The University of Nebraska–Lincoln Center for Entrepreneurship kicked off a new initiative called Nebraska Family Business this week in Howard L. Hawks Hall promoting strong family businesses in the state. Dave Specht, national development manager for family dynamics at Wells Fargo PrivateBank, focused on the fundamentals of what it takes to maintain a successful family business built on more than just financial achievement.
“Working with family businesses is a passion I’ve had for a long time,” said Specht, who formerly taught entrepreneurship classes at Nebraska. “I emphasize raising a thriving next generation by not just perpetuating family assets but also their values. Grit is the new big word here at the university, and along with gratitude and goals, those are the three keys I promote to perpetuate family values to the next generation.”
Specht explained how family values transition from one generation to the next, and when they do not it is difficult to perpetuate the ideals that originally got the business off the ground. He sees the long-term viability of the business itself in peril when values are lost.
“It takes a great amount of intentionality to not only communicate your values and expectations, but create experiences for the next generation to develop those values. It’s difficult to manufacture what scarcity feels like if you’re not poor. It takes extra work,” he said.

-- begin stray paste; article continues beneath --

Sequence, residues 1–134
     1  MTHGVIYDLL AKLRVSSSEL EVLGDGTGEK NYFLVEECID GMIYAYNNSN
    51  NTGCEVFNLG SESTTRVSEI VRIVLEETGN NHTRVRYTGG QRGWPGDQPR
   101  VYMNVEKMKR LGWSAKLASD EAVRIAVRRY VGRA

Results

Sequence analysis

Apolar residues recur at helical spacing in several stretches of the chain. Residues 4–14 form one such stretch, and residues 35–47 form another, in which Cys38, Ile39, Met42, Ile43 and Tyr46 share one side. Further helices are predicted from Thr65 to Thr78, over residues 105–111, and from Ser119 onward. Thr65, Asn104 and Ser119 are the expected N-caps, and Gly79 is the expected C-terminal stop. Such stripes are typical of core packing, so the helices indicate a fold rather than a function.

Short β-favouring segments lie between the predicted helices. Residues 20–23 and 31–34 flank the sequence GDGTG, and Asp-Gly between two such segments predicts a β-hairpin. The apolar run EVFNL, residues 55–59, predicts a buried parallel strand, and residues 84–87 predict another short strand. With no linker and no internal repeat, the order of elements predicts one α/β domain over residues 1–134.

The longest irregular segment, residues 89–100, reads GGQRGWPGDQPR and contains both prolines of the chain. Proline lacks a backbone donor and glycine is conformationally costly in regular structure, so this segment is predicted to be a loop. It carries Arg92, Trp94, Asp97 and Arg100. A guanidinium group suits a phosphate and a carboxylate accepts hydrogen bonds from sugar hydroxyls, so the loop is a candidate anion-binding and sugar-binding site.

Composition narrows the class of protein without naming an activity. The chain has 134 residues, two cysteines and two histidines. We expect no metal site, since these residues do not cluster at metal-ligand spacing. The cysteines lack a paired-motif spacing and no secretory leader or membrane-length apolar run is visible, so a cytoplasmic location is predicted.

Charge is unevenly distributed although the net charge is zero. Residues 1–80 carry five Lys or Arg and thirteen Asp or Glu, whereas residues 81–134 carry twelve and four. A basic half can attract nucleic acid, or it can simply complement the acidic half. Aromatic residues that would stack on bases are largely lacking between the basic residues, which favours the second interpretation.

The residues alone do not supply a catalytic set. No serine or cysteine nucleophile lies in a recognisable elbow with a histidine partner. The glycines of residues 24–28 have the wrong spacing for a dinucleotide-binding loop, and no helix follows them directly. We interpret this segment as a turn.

According to Specht, having an experience-rich next generation is key to solving the puzzle of transitioning values. It creates a solid foundation for the three G’s of gratitude, goals and grit.
“We can create experiences to try to show our children what it’s like to not have anything, but they don’t happen naturally. It can happen by going to a poorer country. It can happen here in Lincoln by working with a soup kitchen. Those experiences are the keys to raising a thriving next generation.”
To further build family bonds, Specht teaches examining family history by going back four generations and exploring ancestral achievements that led to the present day. He believes immigration stories can be vital to instilling the value systems of past generations into the present. He also works with his own children to practice gratitude every day.
“Where there is gratitude entitlement can’t live. If you find someone who is entitled, they aren’t expressing gratitude. So I work with my children on recognizing their blessings. Recognizing and verbalizing those blessings instills gratitude,” he said.
Dr. Sam Nelson, director of the Center for Entrepreneurship and assistant professor of practice in management, plans to create similar events centered around family businesses going forward. He believes Specht resonated with the multi-generational audience in attendance, which included students, faculty, alumni and other business partners.
“There’s a huge family business presence in Nebraska, and with this new initiative, we want to take a closer look at the topic. We’re building a network for students who are either building a family business themselves, or planning on running their family business. This network will give them a chance to work with peers that have dealt with similar issues,” said Nelson.
To learn more about Nebraska Family Business and Specht, visit: https://business.unl.edu/familybusiness